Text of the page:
Absence of conflict of interest: This study was conducted by staff from Mathematica Policy Research, which administers CLEAR. Therefore, the review of this study was conducted by an independent consultant trained in applying the CLEAR causal evidence guidelines.
Schirm, A., Rodriguez-Planas, N., Maxfield, M., & Tuttle, C. (2003). The Quantum Opportunity Program Demonstration: Short-term impacts. Washington, DC: Mathematica Policy Research.
- The report’s objective was to evaluate the impact of the Quantum Opportunity Program (QOP)—which includes case management and mentoring, education, developmental activities, community service, supportive services, and financial incentives—on educational attainment and labor market participation approximately five years after program enrollment. Other studies examine longer-term impacts.
- About 1,100 9th-grade students from 11 high schools were randomly assigned to the treatment group, which could enroll in QOP, or the control group, which could not participate in QOP activities. The study team administered a survey to treatment and control group members about five years after program enrollment (one year after their scheduled graduation from high school) to collect information on high school and postsecondary educational attainment and labor market outcomes.
- QOP increased the likelihood that students earned a high school diploma one year after their scheduled graduation by 7 percentage points. No other employment or educational attainment outcomes were statistically significant.
- The quality of the causal evidence presented in this report is low. This means we do not have confidence that the estimated effects are attributable to QOP; other factors likely contributed.
Quantum Opportunities Program (QOP)
Features of the Intervention
QOP was an intensive program comprised of case management and mentoring, education, developmental activities, community service, supportive services, and financial incentives. Services were provided year-round for up to five years to enrollees who had not yet graduated from high school. After high school graduation, participants received some continued mentoring and assistance applying to postsecondary education or training. According to the program model, case managers were to serve 15 to 25 students, and annual participation goals were 750 hours per enrollee who had not yet graduated from high school. For this evaluation, QOP was operated by seven community-based organizations, each affiliated with one to three high schools (11 high schools in total).
Eligibility requirements for students included being in 9th grade for the first time during the 1995-1996 academic year (except at one site, for which the relevant academic school year was 1996-1997) and being in the bottom two-thirds of the GPA distribution for their school in 8th grade. In addition, the students could not be so physically or learning disabled that, according to the school, the program was inappropriate for them.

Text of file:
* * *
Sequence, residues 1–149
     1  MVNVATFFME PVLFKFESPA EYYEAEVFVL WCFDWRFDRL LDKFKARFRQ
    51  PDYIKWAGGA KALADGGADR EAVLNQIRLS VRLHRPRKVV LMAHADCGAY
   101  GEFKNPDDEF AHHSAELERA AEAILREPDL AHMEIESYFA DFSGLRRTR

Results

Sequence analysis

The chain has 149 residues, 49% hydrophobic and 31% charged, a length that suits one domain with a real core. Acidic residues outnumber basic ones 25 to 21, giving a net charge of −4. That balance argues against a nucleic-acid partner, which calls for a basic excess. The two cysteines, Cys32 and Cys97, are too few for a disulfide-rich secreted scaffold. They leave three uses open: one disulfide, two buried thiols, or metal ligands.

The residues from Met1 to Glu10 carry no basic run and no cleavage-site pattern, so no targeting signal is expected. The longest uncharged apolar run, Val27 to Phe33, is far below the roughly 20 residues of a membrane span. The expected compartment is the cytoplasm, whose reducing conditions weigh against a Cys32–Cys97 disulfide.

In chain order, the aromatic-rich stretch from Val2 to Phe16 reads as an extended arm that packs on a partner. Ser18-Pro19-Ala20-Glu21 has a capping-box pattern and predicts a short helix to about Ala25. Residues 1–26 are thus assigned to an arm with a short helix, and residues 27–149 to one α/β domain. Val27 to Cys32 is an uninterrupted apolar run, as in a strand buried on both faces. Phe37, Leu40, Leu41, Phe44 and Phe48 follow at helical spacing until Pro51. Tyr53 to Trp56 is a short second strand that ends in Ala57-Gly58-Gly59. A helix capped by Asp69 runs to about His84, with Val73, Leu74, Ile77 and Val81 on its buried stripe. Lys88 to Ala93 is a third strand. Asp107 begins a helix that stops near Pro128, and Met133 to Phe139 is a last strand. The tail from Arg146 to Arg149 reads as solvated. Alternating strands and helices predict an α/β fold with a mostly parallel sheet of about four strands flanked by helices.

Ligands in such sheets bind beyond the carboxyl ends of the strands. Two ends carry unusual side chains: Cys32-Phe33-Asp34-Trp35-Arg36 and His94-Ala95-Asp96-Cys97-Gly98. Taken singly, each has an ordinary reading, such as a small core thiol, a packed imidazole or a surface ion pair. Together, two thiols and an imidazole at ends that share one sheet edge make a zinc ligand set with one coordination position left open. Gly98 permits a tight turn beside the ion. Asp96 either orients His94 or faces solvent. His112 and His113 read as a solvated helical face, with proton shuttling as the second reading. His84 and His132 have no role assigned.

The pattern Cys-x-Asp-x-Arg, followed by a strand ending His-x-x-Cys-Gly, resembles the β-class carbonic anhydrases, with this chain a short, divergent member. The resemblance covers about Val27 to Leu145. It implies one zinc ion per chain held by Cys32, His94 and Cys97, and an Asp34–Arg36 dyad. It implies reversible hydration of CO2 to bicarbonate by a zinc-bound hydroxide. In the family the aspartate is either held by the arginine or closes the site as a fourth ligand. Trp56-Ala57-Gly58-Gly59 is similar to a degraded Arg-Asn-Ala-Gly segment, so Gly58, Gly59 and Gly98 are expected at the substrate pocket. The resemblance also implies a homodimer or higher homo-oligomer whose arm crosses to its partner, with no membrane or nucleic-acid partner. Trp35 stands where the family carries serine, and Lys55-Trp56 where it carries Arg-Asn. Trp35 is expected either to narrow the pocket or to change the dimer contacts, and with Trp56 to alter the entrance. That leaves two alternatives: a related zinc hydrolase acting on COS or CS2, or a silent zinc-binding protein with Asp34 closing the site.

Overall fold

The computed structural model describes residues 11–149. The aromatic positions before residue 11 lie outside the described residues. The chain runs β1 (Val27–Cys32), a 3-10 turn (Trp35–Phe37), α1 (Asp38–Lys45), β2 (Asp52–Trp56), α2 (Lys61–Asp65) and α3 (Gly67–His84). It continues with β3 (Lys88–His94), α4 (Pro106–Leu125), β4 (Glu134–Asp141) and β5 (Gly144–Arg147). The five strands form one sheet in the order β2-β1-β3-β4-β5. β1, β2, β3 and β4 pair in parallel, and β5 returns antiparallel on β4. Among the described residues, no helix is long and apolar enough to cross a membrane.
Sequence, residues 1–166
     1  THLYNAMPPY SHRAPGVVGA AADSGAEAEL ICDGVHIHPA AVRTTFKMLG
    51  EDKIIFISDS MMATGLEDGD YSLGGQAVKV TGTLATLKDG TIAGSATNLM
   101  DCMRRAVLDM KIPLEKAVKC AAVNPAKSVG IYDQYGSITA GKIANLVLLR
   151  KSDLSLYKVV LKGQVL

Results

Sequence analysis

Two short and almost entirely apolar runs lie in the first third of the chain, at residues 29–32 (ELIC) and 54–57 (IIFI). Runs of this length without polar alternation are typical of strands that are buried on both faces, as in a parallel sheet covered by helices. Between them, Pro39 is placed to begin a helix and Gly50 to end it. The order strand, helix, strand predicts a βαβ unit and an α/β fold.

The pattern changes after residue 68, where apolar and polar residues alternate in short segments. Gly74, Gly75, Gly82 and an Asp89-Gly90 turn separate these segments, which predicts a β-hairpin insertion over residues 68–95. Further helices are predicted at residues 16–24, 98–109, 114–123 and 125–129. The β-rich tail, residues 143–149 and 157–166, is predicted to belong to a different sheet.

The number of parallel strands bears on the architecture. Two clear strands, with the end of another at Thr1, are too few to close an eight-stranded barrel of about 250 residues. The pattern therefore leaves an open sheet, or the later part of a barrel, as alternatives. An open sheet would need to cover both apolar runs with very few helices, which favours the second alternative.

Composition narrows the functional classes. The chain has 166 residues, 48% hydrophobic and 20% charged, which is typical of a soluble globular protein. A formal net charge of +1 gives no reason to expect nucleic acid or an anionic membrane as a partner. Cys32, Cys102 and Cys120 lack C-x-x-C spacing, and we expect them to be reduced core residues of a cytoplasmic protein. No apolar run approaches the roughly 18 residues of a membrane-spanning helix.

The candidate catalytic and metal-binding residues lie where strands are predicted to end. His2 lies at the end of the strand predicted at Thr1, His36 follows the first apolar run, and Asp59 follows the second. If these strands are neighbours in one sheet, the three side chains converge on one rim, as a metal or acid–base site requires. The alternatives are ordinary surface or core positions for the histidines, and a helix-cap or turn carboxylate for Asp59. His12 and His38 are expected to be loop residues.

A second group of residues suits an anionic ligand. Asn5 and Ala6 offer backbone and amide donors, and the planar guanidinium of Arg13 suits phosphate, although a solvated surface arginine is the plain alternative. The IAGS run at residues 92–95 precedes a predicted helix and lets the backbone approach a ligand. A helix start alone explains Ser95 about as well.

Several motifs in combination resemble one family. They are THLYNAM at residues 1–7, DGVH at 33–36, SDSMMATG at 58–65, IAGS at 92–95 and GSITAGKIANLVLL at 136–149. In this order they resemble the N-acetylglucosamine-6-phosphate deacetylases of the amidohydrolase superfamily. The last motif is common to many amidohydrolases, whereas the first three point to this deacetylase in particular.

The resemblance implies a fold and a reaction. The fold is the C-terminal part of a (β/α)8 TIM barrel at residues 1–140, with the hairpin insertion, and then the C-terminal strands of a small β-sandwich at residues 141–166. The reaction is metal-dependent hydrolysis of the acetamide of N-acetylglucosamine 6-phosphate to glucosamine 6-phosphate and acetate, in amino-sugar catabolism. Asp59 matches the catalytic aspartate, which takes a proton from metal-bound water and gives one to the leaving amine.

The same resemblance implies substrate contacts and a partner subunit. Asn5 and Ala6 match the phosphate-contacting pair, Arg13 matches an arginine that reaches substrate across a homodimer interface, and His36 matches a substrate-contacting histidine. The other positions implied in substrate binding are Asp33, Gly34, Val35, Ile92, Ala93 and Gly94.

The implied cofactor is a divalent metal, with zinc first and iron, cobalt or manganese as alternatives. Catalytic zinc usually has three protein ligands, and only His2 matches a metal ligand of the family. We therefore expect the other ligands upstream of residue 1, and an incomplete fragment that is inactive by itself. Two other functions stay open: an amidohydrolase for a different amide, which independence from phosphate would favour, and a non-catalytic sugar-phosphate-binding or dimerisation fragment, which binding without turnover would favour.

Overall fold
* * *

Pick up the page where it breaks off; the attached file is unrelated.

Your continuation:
Features of the Study
Students who met eligibility requirements were randomly selected to participate in the study. Those who consented (about 1,100) were randomly assigned to either the treatment or control group. The treatment group was allowed to participate in QOP activities, whereas the control group was not. Participants in both groups were surveyed about one year after their scheduled graduation from high school—when they were entering their late teens—to collect information on their educational and labor market outcomes. High school transcripts for both groups were also collected.
- Cleveland, Ohio
- Fort Worth, Texas
- Houston, Texas
- Memphis, Tennessee
- Philadelphia, Pennsylvania
- Washington D.C.
- Yakima, Washington
- QOP increased the likelihood that students earned a diploma or a general educational development (GED) diploma by 7 percentage points.
- No other employment or educational attainment outcomes were statistically significant using regression-adjusted impact estimates.
Considerations for Interpreting the Findings
Although it was based on a randomized controlled trial, the study had high differential attrition across the study groups: the treatment group’s response rate to the follow-up survey was substantially higher than was the control group’s. This made the study ineligible to receive a high causal evidence rating. In addition, the analysis did not demonstrate equivalence of the two groups on a measure of their financial disadvantage, which is required for studies reviewed in this topic area, nor did it include a control for this characteristic. Therefore, the study could not receive a moderate causal evidence rating.
Causal Evidence Rating
The quality of the causal evidence presented in this report is low. This means we do not have confidence that the estimated effects are attributable to QOP; other factors likely contributed.